Gaucher disease is a rare panethnic lysosomal storage disorder caused by a defect in the beta-glucosidase (GBA1) gene. This leads to deficiency of the enzyme glucocerebrosidase and increased accumulation of undegraded glucocerebroside glycolipid within the lysosomes of cells. To date, about 460 mutations in the GBA1 gene have been described. Aiming to determine the mutational spectrum and molecular pathology of Gaucher disease in India, the present study investigated one hundred unrelated patients (age range: 1 day to 31 years) with splenomegaly, with or without hepatomegaly, cytopenia and bone abnormalities in some of the patients
Biochemical investigation of plasma chitotriosidase enzyme activity and β-glucosidase enzyme activity confirmed Gaucher disease. Mutations were identified by examining the coding region of the entire GBA gene from patients using bidirectional Sanger sequencing.
Biochemical analysis revealed a significant reduction in β-glucosidase activity in all patients. Sanger sequencing established 71 patients with a homozygous mutation and 22 patients with a compound heterozygous mutation in the GBA1 gene. The lack of identification of mutations in three patients suggests the possibility of a large deletion/duplication or deep intronic variations in the GBA1 gene. In four cases, where the proband died due to confirmed Gaucher disease, the parents were found to be carriers. Overall, the study identified 33 mutations in 100 patients that also cover four missense mutations (p.Ser136Leu, p.Leu279Val, p.Gly383Asp, p.Gly399Arg) that have not been previously reported in Gaucher disease patients. The p.Leu483Pro mutation was identified as the most common Gaucher disease mutation in the study (62% of patients). The second common mutations identified were p.Arg535Cys (7% of patients) and RecNcil (7% of patients). Another complex mutation, Complex C, was identified in a compound heterozygous state (3% of patients). Homology modeling of the new mutations suggested destabilization of the GBA protein structure due to conformational changes.
The study reports four new and 29 known mutations identified in the GBA1 gene in one hundred Gaucher patients. The given study establishes p.Leu483Pro as the most prevalent mutation in Indian Type 1 Gaucher disease patients providing new insight into the molecular basis of Gaucher disease in India.
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Gaucher disease (GD), an autosomal recessively inherited disease, is caused by a defect in the glucosylceramidase beta gene (GBA1; OMIM*606463) encoding the enzyme glucocerebrosidase (EC 126.96.36.199; alternative names: β- acid glucosidase and GCase). Its prevalence is 1:50,000 in the general population and 1:950 live births in the Ashkenazi Jewish population [1, 2].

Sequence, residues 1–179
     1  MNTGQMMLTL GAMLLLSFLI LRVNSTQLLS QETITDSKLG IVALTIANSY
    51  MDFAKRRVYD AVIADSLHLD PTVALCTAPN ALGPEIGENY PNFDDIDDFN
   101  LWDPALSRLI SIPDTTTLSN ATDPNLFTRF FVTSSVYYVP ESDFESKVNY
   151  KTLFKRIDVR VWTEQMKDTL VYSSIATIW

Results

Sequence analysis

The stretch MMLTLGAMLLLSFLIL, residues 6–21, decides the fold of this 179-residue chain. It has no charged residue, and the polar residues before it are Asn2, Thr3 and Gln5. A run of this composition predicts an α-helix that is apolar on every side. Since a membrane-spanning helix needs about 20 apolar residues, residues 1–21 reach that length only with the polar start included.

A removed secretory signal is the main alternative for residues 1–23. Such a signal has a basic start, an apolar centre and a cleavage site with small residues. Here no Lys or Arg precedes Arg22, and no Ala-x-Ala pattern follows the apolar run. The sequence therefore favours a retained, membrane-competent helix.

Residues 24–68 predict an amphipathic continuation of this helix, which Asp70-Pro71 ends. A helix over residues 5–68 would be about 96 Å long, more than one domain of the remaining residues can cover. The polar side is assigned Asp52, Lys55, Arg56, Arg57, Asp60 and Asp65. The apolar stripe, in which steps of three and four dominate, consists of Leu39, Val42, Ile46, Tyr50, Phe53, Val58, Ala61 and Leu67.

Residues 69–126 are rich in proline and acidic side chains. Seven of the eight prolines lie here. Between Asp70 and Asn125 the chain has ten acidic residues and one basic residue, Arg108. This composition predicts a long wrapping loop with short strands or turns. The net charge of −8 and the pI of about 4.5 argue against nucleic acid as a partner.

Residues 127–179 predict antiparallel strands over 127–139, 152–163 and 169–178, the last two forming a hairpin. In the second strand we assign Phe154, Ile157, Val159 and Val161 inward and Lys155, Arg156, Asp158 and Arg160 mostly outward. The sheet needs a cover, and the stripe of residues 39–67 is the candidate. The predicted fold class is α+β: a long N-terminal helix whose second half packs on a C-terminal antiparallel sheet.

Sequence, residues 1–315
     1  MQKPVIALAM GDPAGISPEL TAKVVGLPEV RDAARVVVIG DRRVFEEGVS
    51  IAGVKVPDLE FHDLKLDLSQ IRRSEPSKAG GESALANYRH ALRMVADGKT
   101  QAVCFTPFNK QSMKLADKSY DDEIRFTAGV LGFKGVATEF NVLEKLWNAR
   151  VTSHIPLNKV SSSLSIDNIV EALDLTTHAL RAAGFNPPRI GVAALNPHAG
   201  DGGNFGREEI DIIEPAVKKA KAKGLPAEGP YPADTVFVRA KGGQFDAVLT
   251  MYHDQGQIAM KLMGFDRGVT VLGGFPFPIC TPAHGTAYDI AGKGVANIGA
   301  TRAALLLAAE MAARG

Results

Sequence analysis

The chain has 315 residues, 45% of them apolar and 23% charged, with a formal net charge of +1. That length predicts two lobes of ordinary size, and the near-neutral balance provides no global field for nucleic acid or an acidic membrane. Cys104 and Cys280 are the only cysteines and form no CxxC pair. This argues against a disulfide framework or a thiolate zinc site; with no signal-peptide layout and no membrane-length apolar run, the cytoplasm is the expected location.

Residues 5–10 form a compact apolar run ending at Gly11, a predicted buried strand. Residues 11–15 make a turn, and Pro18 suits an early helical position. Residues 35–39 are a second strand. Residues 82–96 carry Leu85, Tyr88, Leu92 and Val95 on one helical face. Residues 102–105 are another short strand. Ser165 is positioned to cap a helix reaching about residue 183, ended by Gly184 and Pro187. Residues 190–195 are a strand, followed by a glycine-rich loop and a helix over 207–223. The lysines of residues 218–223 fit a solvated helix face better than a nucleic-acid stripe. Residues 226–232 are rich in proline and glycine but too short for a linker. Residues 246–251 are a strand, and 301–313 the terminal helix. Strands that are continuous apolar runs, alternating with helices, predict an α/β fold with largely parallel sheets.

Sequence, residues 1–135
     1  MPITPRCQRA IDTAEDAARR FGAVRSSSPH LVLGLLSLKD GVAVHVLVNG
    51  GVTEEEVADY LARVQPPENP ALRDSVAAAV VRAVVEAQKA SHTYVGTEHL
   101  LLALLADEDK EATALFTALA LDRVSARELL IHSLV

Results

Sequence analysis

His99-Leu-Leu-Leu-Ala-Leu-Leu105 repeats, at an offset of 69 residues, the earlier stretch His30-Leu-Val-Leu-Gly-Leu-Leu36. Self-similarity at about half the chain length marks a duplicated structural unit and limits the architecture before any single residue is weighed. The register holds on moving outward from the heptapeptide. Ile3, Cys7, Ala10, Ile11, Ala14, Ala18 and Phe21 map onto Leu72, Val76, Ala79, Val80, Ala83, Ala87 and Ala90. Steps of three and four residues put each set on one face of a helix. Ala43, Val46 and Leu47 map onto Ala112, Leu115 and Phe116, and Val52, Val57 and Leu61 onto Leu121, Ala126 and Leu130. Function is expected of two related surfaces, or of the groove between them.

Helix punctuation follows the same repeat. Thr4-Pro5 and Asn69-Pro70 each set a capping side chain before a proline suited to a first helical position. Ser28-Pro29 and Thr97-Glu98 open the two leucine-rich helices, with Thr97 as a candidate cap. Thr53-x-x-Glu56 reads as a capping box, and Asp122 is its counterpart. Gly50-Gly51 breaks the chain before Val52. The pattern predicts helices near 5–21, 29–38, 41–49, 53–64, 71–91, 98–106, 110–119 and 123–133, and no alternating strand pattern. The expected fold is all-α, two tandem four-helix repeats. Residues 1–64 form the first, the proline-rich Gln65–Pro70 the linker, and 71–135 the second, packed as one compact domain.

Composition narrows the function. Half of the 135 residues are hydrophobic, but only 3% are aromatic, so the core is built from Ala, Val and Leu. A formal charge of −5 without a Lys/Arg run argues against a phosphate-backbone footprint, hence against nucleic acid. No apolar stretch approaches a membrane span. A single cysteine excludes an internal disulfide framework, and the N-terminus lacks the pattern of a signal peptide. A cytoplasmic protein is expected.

Since Philippe Charles Ernest Gaucher first described the phenotypes of GD one hundred and thirty-six years ago, the eponymous "Gaucher Disease" was introduced. In 1934, a study by Aghion revealed that distorted macrophages, also called Gaucher cells, were due to an accumulation of the lipid glucocerebroside . In 1965, a study by Dr. Brady and Dr. Patrick uncovered the fact that the metabolic defect in GD was due to deficiency of the enzyme β-glucocerebrosidase [4, 5]. In 1968, GD was classified as a lysosomal storage disorder as Weinreb et.al. work in a rat model established the lysosomal localization of β-glucocerebrosidase .
Multisystem GD has heterogeneous phenotypes, however, based on age of onset, presence/absence, and progression of neurological manifestation; GD is clinically divided into three types. Type 1 (non-neurological) GD is the most common form, while neuronopathic GD, that is, type 2 (acute neuronopathic) and type 3 (chronic neuronopathic) occurs less frequently. Neuronal involvement in DG is a gray area. However, a study by Kinghorn et al. in a Drosophila GBA1 orthologs model, showed that autophagy efflux blockade results in accumulation of glucosylceramide in the brain and age-dependent locomotor defects . The most common clinical features in GD include hepatosplenomegaly, anemia, thrombocytopenia, growth retardation, seizures, and radiographic bone disease.
Loss-of-function mutations in the GBA1 gene prevent the enzyme GCase from cleaving the β-glucosyl bond of glucocerebroside, which is necessary to break down glycolipid glucocerebroside into glucose and ceramide . The human GBA1 gene (